It’s never even occurred to me to think like, what are they going to think about when they see me? I mean, you want people to like you, you want in the way that you, that they laugh, you want to bring people laughter. And with that comes, you know, some spark of joy and you know, you want to do a good job because I think most comedians start doing stand-up comedy because they love to make people laugh.
I mean, some comedians assuredly get into comedy because they want to be famous. And it’s a very low centric, singularly focused kind of performance where you don’t have to share the stage with people. You know, you’re not part of an ensemble. So all the attention is on you. So it’s probably the most selfish of all the performances.
The thing you could do is stand-up comedy. You know, I don’t know maybe that or slam poetry. I, you know, so those, those two are probably the, you know, cause comedians want to make people laugh, you know, poets want to make people think and feel, you know, so I don’t know. What’s more, what’s more, but, yeah, so, I mean, I guess with that comes a certain understanding that all comedians think they’re special to a certain degree.
And, and, and with that comes just not even really thinking maybe too much about, you know, what the audience is going to be. If the audience is going to be doubting us, just by appearance or anything else,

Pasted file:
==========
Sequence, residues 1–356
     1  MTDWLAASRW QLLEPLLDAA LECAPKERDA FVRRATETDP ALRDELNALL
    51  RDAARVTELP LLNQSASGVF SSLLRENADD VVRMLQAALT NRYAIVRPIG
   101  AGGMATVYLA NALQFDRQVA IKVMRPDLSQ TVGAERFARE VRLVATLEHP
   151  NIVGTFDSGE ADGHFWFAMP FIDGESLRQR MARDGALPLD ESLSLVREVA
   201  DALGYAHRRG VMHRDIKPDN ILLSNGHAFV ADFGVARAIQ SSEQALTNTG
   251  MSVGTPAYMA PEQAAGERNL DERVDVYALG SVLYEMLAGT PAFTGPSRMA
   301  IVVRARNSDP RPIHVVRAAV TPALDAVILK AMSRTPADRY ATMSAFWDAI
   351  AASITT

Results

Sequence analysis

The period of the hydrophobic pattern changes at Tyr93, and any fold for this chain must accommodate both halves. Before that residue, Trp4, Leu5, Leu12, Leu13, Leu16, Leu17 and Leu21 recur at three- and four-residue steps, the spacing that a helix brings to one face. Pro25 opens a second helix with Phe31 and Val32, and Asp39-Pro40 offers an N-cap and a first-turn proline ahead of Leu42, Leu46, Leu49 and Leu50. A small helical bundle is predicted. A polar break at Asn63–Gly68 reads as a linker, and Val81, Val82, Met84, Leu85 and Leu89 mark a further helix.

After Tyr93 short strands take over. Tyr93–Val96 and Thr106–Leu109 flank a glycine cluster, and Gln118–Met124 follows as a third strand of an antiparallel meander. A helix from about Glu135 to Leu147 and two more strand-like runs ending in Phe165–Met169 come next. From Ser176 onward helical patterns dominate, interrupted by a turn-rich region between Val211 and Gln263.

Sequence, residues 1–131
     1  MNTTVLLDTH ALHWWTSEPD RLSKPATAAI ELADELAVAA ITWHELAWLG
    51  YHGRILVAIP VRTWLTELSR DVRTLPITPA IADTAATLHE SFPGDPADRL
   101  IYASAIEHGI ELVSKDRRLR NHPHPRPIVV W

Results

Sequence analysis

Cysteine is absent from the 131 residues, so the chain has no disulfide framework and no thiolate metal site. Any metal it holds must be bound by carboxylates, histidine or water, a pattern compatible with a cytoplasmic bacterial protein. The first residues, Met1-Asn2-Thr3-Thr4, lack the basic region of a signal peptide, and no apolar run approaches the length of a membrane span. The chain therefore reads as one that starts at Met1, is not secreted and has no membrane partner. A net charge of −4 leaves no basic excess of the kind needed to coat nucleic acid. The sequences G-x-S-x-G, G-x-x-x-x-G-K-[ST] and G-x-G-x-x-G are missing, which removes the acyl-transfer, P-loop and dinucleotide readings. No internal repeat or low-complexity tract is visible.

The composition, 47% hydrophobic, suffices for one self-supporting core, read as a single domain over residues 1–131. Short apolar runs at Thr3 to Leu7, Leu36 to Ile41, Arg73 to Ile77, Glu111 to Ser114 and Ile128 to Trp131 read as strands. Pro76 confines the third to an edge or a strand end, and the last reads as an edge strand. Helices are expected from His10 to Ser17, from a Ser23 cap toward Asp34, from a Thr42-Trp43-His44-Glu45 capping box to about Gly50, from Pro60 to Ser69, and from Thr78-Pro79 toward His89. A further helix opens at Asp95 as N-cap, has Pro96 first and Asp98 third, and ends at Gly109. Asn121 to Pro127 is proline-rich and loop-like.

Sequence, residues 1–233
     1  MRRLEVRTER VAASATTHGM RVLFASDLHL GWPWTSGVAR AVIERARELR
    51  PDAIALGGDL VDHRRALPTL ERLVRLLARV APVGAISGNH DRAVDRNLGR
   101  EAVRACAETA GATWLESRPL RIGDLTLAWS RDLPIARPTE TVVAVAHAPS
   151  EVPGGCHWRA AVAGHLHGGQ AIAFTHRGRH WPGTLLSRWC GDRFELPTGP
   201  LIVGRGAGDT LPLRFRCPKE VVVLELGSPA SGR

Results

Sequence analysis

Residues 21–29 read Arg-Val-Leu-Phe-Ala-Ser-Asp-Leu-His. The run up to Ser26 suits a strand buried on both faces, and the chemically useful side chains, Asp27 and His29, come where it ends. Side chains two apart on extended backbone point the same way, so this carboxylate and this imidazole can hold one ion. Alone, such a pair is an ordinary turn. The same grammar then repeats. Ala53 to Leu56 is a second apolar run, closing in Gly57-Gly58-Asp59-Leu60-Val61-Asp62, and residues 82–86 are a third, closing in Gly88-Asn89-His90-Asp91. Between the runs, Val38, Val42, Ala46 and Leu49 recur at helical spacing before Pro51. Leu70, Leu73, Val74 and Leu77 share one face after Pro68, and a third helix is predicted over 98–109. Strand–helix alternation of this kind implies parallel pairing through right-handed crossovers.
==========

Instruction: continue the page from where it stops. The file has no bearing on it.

Abby (00:39:34) It sounds really healthy and probably a part of how you did so well. And you knew that you could do this is my guess.
Ryan (00:39:42) Well, it’s I, well, that’s interesting that you say it sounds healthy thee. I like to hear that. but at the end of the day, it is like, what is better than making someone, someone laughs? I mean, making someone think is also very fun, I guess, and intriguing. I mean, you know, I’m not going to act like it’s not, but, but when you can like, make someone laugh, you don’t have to worry about making them think because it’s built into it.
You know, if, you know, if I don’t know, there seems to be a weird thing in comedy and I don’t know, it used to be, it used to be pretty fascinating or it used to be considered one of the highest skill sets and stand up comedy. If you could be edited. And because with that, it means that you’re making people laugh, but you’re also saying controversial things potentially, or you’re saying things that people aren’t necessarily wanting to hear, but you’re making them funny.
And it seems that over the years, some comedians have decided to focus on just the edgy part, as opposed to the comedy part that goes along with it. So where is the joke, you know, where is making this controversial or this thing that most people won’t speak about? What is it, where is it making it funny? And because if you make it funny, It doesn’t matter what you say, if something’s funny, it’s funny if everyone laughs at it, I mean, that’s just basic, I guess, comedy math, but then, the idea that you don’t have to be funny and you can just be edgy is that’s probably the most shocking part, is that, oh, you, you don’t think you have to be funny anymore, but because if someone laughs at a joke, like for example, I have a, I’ve been doing a joke recently about gun control and gun bans.
And if I can make someone who’s very anti-gun control, laugh at this joke, they’re kind of thinking about it from a different perspective. They’re thinking about it from a pro-gun control perspective, even though their anti-gun control, like, oh, I never thought of it that way, but that was funny, you know?